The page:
Our next meeting is still a few years ahead of us. Yet, we need to start planning it. We’ll do it. But I also feel that we could attempt to bring closer and in a more systematic manner our research interests. HPM can do that. With the development of new communication technologies, distances no longer pose the difficult problems they did in the past. So, what I have in mind is the creation of “research dossiers” that could facilitate exchange and joint work among our members. The idea is that each research dossier revolves around a research theme that would be investigated in the course of several years (2 or 3). The results could be presented at the HPM quadrennial meetings, with updates and short synopsis in each Newsletter. You are invited to organize a research dossier and to identify and invite researchers that you think can contribute to the dossier. I approached some colleagues to invite them to start this initiative.

Luis Puig will be in charge of the dossier “On the first books on Algebra written in Spanish.” The dossier starts from the fact that, during the second part of the 16th century, the first books written in Spanish containing chapters on Algebra were published: Marc Aurel’s Libro Primero de Arithmetica Algebratica, published in 1552 in Valencia, Juan Pérez de Moya’s Arithmetica Practica y Especulativa, published in 1562 in Salamanca, Pedro Nunes’s Libro de Algebra en Arithmetica y Geometria, published in 1567 in Anvers (today Antwerp), and Juan Pérez de Moya’s Tratado de Mathematicas, published in 1573 in Alcala de Henares. It is an interesting fact that only one of these authors, Pérez de Moya, had Spanish as his mother tongue: Marc Aurel was German, and Pedro Nunes was Portuguese. The goal of the research dossier is to compare the presentation of Algebra in these books.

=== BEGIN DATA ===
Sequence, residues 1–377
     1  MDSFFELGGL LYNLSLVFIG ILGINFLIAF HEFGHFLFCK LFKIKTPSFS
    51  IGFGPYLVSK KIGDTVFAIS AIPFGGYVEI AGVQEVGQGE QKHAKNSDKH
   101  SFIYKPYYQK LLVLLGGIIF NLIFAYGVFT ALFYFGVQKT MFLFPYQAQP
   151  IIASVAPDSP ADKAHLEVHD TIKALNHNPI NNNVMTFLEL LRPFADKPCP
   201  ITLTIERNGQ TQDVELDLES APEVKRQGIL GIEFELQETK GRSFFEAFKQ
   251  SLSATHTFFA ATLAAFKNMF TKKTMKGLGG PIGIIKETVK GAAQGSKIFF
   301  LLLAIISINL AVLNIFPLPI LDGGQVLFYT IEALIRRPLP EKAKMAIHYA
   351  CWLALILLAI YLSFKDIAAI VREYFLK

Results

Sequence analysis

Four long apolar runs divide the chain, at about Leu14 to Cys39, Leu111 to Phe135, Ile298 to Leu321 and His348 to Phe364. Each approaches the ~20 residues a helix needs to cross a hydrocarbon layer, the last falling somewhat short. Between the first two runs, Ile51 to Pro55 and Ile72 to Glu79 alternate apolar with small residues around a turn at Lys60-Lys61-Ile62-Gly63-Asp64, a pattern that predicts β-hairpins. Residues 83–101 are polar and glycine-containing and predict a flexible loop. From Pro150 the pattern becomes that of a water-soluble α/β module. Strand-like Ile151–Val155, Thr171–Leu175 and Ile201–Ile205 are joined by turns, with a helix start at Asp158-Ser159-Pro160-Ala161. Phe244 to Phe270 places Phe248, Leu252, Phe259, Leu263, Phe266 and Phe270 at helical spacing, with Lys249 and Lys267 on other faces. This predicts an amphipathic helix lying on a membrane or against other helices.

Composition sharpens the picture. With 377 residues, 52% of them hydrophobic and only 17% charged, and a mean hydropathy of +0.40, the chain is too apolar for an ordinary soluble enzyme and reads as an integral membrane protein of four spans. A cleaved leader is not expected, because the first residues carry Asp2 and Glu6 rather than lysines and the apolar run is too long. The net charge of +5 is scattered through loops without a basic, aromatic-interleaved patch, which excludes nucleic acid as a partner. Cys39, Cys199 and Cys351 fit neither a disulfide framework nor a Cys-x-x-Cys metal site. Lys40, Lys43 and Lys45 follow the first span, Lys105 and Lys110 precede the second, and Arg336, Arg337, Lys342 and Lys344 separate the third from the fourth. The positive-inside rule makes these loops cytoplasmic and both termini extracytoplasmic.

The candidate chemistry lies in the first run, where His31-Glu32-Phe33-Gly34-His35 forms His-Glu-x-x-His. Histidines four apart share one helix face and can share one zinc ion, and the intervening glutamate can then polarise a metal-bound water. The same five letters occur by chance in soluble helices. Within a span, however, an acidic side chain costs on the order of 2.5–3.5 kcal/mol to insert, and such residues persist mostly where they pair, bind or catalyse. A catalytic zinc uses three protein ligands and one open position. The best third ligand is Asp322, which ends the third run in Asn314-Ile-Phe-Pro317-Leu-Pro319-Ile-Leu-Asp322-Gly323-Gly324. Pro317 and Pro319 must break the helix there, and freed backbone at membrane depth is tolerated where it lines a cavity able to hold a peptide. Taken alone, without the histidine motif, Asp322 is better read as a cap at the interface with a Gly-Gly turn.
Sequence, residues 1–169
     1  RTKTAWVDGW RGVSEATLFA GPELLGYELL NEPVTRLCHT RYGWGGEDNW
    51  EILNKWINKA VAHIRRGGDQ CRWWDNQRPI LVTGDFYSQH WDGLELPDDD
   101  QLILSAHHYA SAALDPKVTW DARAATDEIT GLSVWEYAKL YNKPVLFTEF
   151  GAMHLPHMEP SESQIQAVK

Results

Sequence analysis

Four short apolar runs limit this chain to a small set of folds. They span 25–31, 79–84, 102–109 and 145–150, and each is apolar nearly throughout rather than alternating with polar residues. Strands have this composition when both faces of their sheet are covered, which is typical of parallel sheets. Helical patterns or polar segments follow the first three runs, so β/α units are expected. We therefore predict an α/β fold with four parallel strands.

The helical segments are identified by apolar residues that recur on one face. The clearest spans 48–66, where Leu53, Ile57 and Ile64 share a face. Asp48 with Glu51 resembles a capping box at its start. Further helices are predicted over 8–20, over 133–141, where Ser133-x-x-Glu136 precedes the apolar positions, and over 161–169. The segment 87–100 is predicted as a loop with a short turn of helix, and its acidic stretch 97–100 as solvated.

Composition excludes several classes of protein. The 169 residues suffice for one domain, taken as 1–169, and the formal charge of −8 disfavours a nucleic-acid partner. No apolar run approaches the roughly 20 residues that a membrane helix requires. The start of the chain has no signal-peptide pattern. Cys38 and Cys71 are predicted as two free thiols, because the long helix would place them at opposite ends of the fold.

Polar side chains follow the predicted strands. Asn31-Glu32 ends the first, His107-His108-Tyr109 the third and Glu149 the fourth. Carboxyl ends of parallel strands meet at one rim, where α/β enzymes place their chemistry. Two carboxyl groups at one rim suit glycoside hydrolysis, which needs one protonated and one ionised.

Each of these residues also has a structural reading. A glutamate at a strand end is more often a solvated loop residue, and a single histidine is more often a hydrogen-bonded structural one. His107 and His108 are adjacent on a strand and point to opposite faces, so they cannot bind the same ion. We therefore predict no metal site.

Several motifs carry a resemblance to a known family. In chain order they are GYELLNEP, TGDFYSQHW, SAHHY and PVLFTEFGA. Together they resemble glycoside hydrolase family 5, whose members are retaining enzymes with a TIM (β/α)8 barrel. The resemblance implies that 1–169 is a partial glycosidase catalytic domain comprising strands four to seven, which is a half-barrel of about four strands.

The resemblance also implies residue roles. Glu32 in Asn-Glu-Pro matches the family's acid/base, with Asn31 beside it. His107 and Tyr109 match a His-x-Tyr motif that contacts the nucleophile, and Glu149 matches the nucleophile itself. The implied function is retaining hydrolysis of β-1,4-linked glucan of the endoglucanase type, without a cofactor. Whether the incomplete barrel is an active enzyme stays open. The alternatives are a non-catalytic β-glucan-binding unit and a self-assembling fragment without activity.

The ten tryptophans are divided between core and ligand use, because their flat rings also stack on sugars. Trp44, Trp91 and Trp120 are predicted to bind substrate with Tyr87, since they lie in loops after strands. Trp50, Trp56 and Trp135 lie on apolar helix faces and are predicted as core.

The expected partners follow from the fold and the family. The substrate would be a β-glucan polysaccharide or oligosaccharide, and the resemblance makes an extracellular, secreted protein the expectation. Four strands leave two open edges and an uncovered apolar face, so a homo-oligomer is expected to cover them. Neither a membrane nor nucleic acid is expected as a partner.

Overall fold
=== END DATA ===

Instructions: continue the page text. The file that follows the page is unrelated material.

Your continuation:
Another dossier will be devoted to the Middle Age and Renaissance mathematics in the Classroom, featuring an investigation of Tartaglia Galigai and some other authors. This dossier will be carried out under the responsibility of Fulvia Furinghetti. So far, the participants include Adriano Demattè and myself.

A third dossier revolves around “Original sources in the teaching and learning of mathematics.” Participants include Uffe Thomas Jankvist, Tinne Hoff Kjeldsen, Hans Niels Jahnke, Renaud Chorlay, and Janet Barnett.

A fourth dossier is under the responsibility of Masami Isoda and will work towards the production of a Lesson Study Book for History of Mathematics.

Again, I invite you to identify a research dossier and invite people to participate in it. Of course, you can also try to recruit people who are not currently HPM members. By interacting and working with HPM people, they will become HPM members! One of the strengths of our group is the interdisciplinary composition—mathematicians, historians, epistemologists, mathematics educators, etc. Let’s try to keep building and capitalizing on that strength!


Luis Radford

Laurentian University, Canada

University of Manchester, UK